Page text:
by Steven K. Roberts
Information Today 
December, 1985

This industry has a serious problem. It’s called “marketing.”

Selling information is not at all like selling widgets—this business offers intangible services that mean something different to every potential customer. Vaporous goods are hard to price and still harder to sell.

The traditional marketing strategy among widget manufacturers is to position their products relative to the competition while emphasizing the benefits a user will enjoy. Their products are unambiguous and photographable: their target markets are clear.

But that’s not the information business. Online services were spawned in the closed circles of research and academia, and our adolescent industry is still noticeably incestuous. This is 30 percent myopia and 70 percent expedience. Trying to explain “online” to the mainstream business market is like trying to convince Masai tribesmen that they need $100/hour attorneys. How do complex telecommunication networks look to a guy who’s not entirely sure what a modem is for, a guy who gets mental images of dbase III whenever you say the word ‘database’? It’s much easier for the information industry to just advertise to the information industry and hope that enough rumors leak out to attract new customers.

Of course, once you sit someone down in front of a terminal and demonstrate the magic of online searching, you have ’em hooked. But this is expensive (even with a demo password, someone has to pay for communications), and it requires physical presence, well-trained sales people, and lots of coffee.

There must be an easier way.

I thought I was online

When Diane Squire of Online Technologies, Inc. (Santa Clara, CA) presented Dow Jones News/Retrieval president Bill Dunn with a prototype DJNR tutorial running on a Compaq, he played with it for a while and then realized with a bit of shock that he was not interacting online with his own system. The implications were immediately clear to all concerned: you don’t have to be ringing up connect charges to experience the feeling of using an information service.

This was ammunition enough. Online Technologies landed a contract to develop an online demo disk for the service, and in July 1985 the project was completed. While Dow Jones is unwilling to reveal the numbers, it is obvious that their new marketing tool is having a dramatic effect on sales.

The demo, with its fast menus and eyecatching graphics, offers short samplings of the system organized by application category. While simulated sessions scroll by at a realistic baud rate, pop-up windows explain what’s going on—without the distraction of counter-intuitive navigational commands that tend to daunt online neophytes. Potential Dow Jones subscribers can “safely” experience the sensation of being online, unwatched by the clock or an intimidating system wizard. The fear of “doing it wrong” is absent, for after all… it’s only a floppy disk.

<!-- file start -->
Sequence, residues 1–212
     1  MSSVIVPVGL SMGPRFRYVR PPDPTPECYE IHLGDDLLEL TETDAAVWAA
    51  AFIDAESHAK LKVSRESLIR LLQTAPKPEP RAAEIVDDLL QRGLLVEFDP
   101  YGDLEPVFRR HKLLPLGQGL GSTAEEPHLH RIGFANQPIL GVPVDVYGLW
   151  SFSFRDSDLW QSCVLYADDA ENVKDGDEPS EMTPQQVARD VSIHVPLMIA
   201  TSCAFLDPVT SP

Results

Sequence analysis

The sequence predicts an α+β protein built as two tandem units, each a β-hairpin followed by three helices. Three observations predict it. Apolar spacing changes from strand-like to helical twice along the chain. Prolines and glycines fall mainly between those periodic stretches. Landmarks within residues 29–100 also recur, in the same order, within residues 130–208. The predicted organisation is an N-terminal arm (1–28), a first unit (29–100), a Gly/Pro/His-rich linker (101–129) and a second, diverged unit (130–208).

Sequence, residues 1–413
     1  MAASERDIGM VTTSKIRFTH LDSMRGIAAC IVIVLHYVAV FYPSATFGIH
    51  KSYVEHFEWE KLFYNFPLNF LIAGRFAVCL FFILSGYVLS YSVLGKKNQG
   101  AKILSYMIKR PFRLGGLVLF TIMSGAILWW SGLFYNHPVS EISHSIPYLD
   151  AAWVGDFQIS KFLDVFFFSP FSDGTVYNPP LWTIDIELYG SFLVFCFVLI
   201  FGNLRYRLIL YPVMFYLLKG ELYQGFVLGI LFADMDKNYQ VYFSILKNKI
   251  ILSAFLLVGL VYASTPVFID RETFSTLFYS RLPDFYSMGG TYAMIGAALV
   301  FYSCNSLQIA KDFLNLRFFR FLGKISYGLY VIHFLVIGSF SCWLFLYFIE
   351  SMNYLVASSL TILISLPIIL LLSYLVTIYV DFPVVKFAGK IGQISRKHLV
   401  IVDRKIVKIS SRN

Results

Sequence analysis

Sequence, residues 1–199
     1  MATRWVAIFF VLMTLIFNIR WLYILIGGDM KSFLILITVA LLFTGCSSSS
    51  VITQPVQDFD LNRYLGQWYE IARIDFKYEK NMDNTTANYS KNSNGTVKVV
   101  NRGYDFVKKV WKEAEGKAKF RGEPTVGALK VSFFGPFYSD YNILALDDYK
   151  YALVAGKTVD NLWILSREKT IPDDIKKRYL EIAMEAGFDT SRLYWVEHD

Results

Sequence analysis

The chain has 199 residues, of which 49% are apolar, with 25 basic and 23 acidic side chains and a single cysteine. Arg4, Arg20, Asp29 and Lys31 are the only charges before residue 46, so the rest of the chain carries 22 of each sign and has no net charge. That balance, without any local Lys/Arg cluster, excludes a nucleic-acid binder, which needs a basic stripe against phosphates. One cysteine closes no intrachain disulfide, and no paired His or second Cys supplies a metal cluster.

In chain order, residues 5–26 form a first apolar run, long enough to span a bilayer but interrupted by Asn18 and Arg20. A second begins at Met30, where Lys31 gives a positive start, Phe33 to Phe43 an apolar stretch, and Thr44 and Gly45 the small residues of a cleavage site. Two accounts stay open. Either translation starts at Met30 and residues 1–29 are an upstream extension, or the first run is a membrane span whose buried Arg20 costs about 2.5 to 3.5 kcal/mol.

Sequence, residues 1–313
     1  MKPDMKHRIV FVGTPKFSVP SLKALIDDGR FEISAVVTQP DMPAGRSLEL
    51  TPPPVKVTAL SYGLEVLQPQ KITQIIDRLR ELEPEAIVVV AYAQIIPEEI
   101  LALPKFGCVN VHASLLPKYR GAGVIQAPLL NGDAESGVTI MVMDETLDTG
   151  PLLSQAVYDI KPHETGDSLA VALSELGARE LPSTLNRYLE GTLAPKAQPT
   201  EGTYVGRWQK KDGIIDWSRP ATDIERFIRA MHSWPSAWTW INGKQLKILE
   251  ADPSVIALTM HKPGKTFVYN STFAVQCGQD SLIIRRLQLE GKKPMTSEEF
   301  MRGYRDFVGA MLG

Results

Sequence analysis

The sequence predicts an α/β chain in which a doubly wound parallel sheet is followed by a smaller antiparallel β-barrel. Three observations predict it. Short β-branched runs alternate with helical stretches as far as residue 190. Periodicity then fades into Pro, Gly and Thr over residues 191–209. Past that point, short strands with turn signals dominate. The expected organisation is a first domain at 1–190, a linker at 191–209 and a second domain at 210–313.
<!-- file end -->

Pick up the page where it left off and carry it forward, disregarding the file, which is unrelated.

As a marketing device, the offline demo addresses a clear need: it demonstrates the scope of available information without the clutter of command protocols. Since it is organized along logical application boundaries (not database boundaries), it communicates benefits over features—a classic objective of product advertising.

The bottom line

Dow Jones is taking advantage of the competition’s “window of vulnerability” with aggressive deployment of their $5 disk. Monitored tests with existing subscribers reveal a clear increase in system use among those who received sample copies—as the lively demonstrations illuminate system uses they hadn’t considered. The program is running in the club lounges of some airports, it has been nominated by the IIA for the Innovative Marketing award, and it’s being given away as the “eleventh disk” in boxes of Maxell floppies. “Everybody wins on that deal,” observed a Dow Jones spokesman, clearly delighted by the early response from the company’s traditionally hesitant business market.

“Customers don’t want to know about the variety of databases and user interfaces out there,” commented Online Technology’s Squire, “they just want to know where they can get the information they need. That’s all they care about. Our intent with the Dow Jones demo was to clearly answer that question— without confusing them in the process.”

She might have something there. And if her company’s current flurry of proposals and bids bear fruit, the “offline demo” may soon become a standard marketing tool of the online industry.

Steven K. Roberts is the author of the soon-to-be-published book, Computing Across America: The Bicycle Odyssey of a High-tech Nomad, as well as numerous books and articles on vaguely related subjects.